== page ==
Urmila

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Urmila
The four sons of Dasaratha circumbulate the altar during their marriage rites.jpg
The four sons of Dasharatha circumbulate the altar during their marriage rites
Information
Children Angada
Chandraketu

Urmila is a character in the Hindu epic Ramayana. She was daughter of King Janaka of Janakpur and his wife Queen Sunaina and also a younger sister of Sita. She was wife of Lakshmana, younger brother of Rama. They had two sons - Angada and Chandraketu.[1] When Lakshman went to exile along with Ram and Sita, Urmila was ready to accompany him but he hesitated and asked her to stay back in Ayodhya to take care of his aging parents. Urmila is notable for her unparalleled sacrifice called Urmila Nidra.[2]

In Bharatpur district of Rajasthan, there is a temple dedicated to Lakshman and Urmila. The temple was built in 1870 AD by the then ruler Balwant Singh of Bharatpur and is considered as a royal temple by the royal family of Bharatpur State.[3]

Urmila Nidra

When Rama was exiled to the forest for fourteen years on Kaikeyi's insistence, Urmila persuaded Lakshmana to permit her to following him into exile but to no avail. Lakshmana reasoned that he will have no time for her in his day and night steadfast service to his brother and that Urmila's welfare was in staying back. He persuaded Urmila that her welfare would be a concern in the forest and could hinder his services to his brother. After much persuasion, Urmila reluctantly agreed to stay back contemplating,if she could serve her husband any way possible.

As the night fell on the first day of the exile, Lakshmana stood guard over Ram and Sita with a strong resolve not to sleep until the exile ended. As Lakshmana stood guard over his brother's dwelling, a resplendent goddess called Nidra Devi manifested before Lakshmana. On Lakshmana's enquiry, she introduced herself as the Goddess of Sleep and informed him that not sleeping for fourteen years is an act of defiance against nature. Lakshmana requested Nidra Devi for a way out so that he could carry out his Dharma towards his brother. Impressed by Lakshmana's devotion towards his brother, Nidra Devi put forth a workaround that if someone bears the burden of Lakshmana's share of sleep for fourteen years, he could have the exemption for fourteen years. Lakshmana requested Nidra Devi to approach his wife, Urmila, to help him.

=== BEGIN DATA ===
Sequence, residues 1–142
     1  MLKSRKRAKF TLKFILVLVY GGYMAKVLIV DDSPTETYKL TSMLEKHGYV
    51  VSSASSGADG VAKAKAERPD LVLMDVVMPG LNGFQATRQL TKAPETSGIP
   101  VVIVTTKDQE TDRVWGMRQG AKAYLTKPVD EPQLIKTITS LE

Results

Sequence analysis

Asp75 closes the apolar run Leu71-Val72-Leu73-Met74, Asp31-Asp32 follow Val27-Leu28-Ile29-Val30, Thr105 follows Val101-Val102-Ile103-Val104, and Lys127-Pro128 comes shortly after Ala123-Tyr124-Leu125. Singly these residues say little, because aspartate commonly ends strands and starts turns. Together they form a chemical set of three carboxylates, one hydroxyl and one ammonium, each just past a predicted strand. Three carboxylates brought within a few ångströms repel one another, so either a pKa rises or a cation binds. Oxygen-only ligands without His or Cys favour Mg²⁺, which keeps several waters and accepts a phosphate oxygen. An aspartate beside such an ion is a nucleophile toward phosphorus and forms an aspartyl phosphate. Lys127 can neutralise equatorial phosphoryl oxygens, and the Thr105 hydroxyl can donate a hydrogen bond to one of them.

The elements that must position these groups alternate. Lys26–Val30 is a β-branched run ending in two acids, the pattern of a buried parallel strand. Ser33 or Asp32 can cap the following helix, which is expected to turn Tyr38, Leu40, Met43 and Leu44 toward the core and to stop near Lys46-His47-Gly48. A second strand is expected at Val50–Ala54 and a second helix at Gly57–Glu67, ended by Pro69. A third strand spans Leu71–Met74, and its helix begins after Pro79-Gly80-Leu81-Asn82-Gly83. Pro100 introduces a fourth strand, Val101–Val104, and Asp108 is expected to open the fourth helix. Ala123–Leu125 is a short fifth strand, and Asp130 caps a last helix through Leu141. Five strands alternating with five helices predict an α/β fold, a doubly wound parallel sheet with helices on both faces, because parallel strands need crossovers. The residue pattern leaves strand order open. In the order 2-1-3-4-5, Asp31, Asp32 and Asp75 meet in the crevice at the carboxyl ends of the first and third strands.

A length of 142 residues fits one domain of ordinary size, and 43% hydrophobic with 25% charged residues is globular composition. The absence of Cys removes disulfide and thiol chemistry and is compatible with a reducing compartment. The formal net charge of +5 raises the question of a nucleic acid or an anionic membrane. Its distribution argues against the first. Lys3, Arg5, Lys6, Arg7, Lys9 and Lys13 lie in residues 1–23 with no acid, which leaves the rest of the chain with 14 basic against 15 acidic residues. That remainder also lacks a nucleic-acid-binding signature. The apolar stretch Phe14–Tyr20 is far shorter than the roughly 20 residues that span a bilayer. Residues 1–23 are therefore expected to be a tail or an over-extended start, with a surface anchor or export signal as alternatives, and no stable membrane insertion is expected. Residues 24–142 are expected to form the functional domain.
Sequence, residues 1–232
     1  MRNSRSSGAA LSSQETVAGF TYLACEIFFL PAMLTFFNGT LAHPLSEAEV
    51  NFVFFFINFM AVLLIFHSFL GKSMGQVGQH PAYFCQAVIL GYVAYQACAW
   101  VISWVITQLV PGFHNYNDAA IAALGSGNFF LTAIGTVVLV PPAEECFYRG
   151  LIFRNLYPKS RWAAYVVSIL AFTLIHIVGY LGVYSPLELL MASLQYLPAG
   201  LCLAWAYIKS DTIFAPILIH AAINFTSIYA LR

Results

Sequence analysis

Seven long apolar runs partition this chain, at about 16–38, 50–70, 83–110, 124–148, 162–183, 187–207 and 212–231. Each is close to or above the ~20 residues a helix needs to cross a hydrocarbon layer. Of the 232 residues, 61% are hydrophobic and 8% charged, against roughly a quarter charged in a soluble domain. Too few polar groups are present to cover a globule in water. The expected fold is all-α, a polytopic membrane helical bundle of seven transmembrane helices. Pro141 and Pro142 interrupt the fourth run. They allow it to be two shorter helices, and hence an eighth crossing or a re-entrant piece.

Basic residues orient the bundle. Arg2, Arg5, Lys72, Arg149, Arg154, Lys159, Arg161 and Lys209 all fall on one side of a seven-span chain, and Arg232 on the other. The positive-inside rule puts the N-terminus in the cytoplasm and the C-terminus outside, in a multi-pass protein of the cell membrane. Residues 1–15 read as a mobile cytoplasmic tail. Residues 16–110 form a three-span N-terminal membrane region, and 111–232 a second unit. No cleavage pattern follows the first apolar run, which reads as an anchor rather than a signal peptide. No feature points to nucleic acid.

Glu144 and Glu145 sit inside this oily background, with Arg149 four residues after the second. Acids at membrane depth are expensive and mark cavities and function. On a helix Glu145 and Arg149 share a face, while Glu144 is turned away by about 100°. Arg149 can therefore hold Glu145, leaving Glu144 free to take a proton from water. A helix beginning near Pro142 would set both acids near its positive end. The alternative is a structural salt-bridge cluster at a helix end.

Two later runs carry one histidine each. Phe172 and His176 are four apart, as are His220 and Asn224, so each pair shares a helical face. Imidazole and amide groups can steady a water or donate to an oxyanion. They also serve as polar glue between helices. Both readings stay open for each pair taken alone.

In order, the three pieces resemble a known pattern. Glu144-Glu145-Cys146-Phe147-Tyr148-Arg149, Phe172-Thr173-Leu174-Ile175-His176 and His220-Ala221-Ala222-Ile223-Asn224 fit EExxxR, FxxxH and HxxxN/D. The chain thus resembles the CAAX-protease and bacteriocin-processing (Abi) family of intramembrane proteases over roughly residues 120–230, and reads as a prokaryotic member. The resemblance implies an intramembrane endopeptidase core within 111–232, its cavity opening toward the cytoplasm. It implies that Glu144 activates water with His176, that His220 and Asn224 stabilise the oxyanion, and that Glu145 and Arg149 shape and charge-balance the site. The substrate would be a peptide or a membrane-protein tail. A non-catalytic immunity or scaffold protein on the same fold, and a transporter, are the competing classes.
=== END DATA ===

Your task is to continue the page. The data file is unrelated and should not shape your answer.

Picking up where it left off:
In South India, Urmila Nidra is a term used to refer to deep sleep by a person who cannot be woken easily.

References

  1. ^ Roshen Dalal (2014). Hinduism: An Alphabetical Guide. UK: Penguin UK. ISBN 9788184752779. 
  2. ^ Reeja Radhakrishnan (28 March 2014). "Urmila, The Sleeping Princess". Indian Express. Chennai. Retrieved 1 June 2016. 
  3. ^ "Temple Profile: Mandir Shri Laxman Ji". Government of Rajasthan. Retrieved 1 June 2016. 
  • Urmila, the sleeping princess - The New Indian Express
  • Lakshman's wife goes to sleep - Devlok

Further reading


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